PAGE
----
The spectacle of a national trauma: Gaze, space, national identity, and historical memory in democratic Spain

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As a consequence of the movement for the recovery of historical memory, in the last few years Spain's cultural sphere has produced a resignification of places that relate to the Spanish Civil War and the Franco period. It is a resemantification that mythologizes, consecrates and monumentalizes spaces that were essentially pragmatic-that is, spaces that until now had been considered important for their economic value and purpose (Tuan 17). This phenomenon is related to a desire to memorialize, which, according to Pierre Nora, characterizes our contemporary societies that are continually searching for places of memory. In Spain, there has been a memory boom of the Spanish Civil War and the Franco period. The current status of the problem of space is also due to the tension and subsequent malaise caused by urban development speculation beginning in the years immediately prior to the entry of the euro, and particularly since 1999-2000. The restructuring of spatial memory also stems from the real estate crisis in Spain and its influence on the serious economic crisis of 2008. The debate surrounding the complete demolition of the Carabanchel jail, an emblem of Franco repression, in order to build apartment buildings, or whether to preserve its dome as a place of memory, is an example of the confrontation between a vision that places a premium on land's economic value and one that defends the humanistic dimension embedded in the space. 1 The digging up mass graves has also highlighted how in Spain places linked to the repression of the traumatic past have ceased to be anthropological-places where history is lived-and have become historical-places where history is made. In fact, mass graves paradigmatically embody the problem of placing symbolic value on spaces and places, given that in the dilemma over whether to leave the exhumed remains in a grave that for some have acquired a sacred status or bury them in a place that has traditionally been considered more dignified, lies the symbolic value that is imprinted on the place. This revalorization of place is at the heart of the films analyzed in this essay. In contrast to the sense of indifference toward places and places of memory, these cultural productions succeed in becoming the memory of specific places-instruments that re-create what took place-as they themselves stand in places of memory that are unavoidable referents of what took place. Moreover, in notable contrast to the repression of the gaze caused by the pragmatic nature of the loss of memory concerning the Spanish Civil War and the Franco period that dominated the first few decades of the post-Franco democratic period in Spain, these works develop a gaze that forces us to look at what we were unwilling to see. The revalorization of space is especially important in a country in which places of memory are both scarce and space-negating constructions: failed attempts that, instead of memorializing a place, negate it and instead of building history, resist it.2 It is not only that places of memory, such as monuments or museums, that serve to dignify and keep alive the memory of the vanquished in the Spanish Civil War have not been built during the first few decades of democracy. It is also that the iron-fisted discriminatory memory of the victors-preserved in cemeteries, churches, street names, and commemorative monuments-has repeatedly tried to prevent the exercise of symbolic justice that the dismantling of Franco statues entails. The monument in the Plaza de la Lealtad (Allegiance Square), the Valle de los Caídos (Valley of the Fallen), the Alcázar de Toledo (Toledo Fortress), and the Parque García Lorca (García Lorca Park) illustrate the paradox that the most paradigmatic places of memory in Spain are places of non-memory.3 If the monument to all of the fallen in the Plaza de la Lealtad in Madrid is the epitome of a lack of memory, given that it is sadly unknown by the vast majority of Spaniards (Aguilar Fernández, Memoria 283-84), the Alcázar de Toledo, the Valle de los Caídos, and the Parque García Lorca are also failed places that exemplify how in Spain the transformation of political realities, historical conceptions, and cultural representations of the Civil War has not been matched by the conflict's monumental representations, thereby leaving us with a landscape that is dominated by historical anachronism (Cartwright-Punnet 5). In keeping with Baudrillard's notions in Simulacra and Simulation, we can say that these are monuments behind which there is nothing original nor any origin since what they refer to has disappeared thus obscuring the difference between the real and the imaginary. At its root, the resignification of space promoted by the sociopolitical movement to recover historical memory, like the movement itself, is a search for sense and individual, social, and national identity, since the collective reference points have never been so fluctuating as in our contemporary period. Given that space is an expression of group identity-the roots, the telluric-it is therefore that which most needs to be defended from external threats or internal uncertainties so that the discourse on identity does not become meaningless. Space, despite being along with time the most universal category, has also become a subject of dispute due to the relationship that exists between space and power. As scholars of space have indicated, space and place do not have a unique meaning but are subject to interpretation by individuals and communities, thereby giving rise to a plurality of meanings that may be the cause of strife or consensus and harmony. Space is therefore political: "Place is also political because the way it is constructed means that it is occupied by some people's stories but not by others" (Sheldrake 20). This political dimension of space explains the confrontational nature that the current debate on memory in Spain has acquired, since what is at stake with regard to the country's past and its places of memory is what we understand Spain to mean. On the one hand, we advocate a pluralistic and multiple resignification of spaces as the solution to the monolithic ideological constructions of the past, and propose accepting and moving beyond the fact that there is a lack of any basic national agreement on the meaning of the Spanish Civil War and the Franco dictatorship. On the other hand, historical manipulation is denounced in a society that is still divided as a result of the different senses of nationalism and the problem of the different versions of history.4 As demonstrated by the "archival war" that has been waged since 1995 over the civil war documents of the National Historical Archive located in Salamanca and claimed by Cataluña, "the Spanish Civil War's field of memory continues to be a minefield with regard to the difficult question of Spain's identity" (Ehrlicher 286). It is an identity that protects the union of the nation's monumental body from any internal claim that threatens its political dismemberment. We are also in a period in which the ashamed and inferiority complexladen national sentiment that characterizes the young Spanish democracy has given way to an "intento de recuperación del patriotismo español y de renovación del discurso nacionalista procedente tanto de la derecha como de la izquierda españolas" (Castiñeira 70) (attempt at recovering Spanish patriotism and renewing the nationalist discourse coming from Spain's right and left), from which the discourse on the Spanish Civil War and the Franco period is not spared. The resignification of space must also strike a delicate balance between defending the political virtues of remembering the past (Margalit) and the dangers of victimization, since all stories about victims report the suffering by affrming the victims' undefined moral and political privilege (Todorov). In the area of film production, the hyperrealism that characterizes the dominant mode of portrayal runs the risk of endorsing films on the Spanish Civil War and the Franco regime that replace the self-glorifying memory of Spain during the Franco period with a mere Republican martyrology on the victims of the repression.5 This is why a critical, metafictitious self-reflection on why and how the creation of certain fictional places of memory that fulfill this purpose, yet at the same time denounce the perils of victimization and nostalgia for the past, is so important.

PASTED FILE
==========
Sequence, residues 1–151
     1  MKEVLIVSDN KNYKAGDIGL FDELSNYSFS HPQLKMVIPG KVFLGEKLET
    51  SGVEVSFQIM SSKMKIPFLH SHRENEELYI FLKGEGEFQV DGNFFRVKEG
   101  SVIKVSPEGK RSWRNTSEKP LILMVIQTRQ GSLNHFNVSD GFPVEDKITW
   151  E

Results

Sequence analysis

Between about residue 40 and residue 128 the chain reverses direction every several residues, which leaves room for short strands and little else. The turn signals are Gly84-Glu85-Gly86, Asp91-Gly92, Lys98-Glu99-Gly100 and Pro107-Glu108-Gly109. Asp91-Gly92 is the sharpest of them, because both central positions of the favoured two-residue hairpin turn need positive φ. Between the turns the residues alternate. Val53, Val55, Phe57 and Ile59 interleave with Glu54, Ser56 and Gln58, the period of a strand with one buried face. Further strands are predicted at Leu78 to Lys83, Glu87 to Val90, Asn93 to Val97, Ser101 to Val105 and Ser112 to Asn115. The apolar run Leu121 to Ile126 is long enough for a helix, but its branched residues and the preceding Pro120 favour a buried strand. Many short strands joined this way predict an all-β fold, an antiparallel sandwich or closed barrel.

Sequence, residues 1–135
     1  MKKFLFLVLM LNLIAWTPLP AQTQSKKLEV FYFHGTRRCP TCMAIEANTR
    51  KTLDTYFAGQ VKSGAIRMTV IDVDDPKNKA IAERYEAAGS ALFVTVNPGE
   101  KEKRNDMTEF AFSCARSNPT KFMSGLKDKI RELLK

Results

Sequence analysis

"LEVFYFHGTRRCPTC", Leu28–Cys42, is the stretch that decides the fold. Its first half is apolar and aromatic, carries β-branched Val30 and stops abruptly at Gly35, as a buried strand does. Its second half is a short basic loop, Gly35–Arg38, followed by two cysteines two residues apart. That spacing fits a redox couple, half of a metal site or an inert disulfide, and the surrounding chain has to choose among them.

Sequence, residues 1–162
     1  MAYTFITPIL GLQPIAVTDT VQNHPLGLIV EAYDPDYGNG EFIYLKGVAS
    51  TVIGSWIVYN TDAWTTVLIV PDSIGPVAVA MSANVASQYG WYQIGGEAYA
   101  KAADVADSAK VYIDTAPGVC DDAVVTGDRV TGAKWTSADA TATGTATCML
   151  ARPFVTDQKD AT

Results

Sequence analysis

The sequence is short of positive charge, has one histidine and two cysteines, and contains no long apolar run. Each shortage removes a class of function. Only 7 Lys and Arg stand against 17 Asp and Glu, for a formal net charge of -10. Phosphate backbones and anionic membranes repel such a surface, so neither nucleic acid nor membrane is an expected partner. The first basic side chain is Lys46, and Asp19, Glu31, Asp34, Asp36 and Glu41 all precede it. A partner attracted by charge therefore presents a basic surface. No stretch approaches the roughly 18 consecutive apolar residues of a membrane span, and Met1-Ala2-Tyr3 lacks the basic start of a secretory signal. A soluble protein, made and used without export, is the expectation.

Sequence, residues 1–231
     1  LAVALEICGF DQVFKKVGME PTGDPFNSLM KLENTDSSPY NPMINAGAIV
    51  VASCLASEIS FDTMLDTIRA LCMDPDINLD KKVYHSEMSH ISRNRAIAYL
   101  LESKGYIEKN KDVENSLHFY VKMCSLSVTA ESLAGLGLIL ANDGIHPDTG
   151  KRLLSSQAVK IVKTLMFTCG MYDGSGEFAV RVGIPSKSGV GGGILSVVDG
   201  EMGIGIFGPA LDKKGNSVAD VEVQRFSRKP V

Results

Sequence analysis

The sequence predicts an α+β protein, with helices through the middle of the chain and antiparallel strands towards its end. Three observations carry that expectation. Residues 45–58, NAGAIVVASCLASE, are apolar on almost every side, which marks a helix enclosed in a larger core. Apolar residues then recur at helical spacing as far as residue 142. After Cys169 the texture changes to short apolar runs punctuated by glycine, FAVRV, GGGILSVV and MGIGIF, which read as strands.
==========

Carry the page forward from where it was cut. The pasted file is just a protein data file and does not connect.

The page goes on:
Original languageEnglish
Title of host publicationSpectacle and Topophilia
Subtitle of host publicationReading Early Modern and Postmodern Hispanic Cultures
Number of pages22
StatePublished - 2011

ASJC Scopus subject areas

  • General Arts and Humanities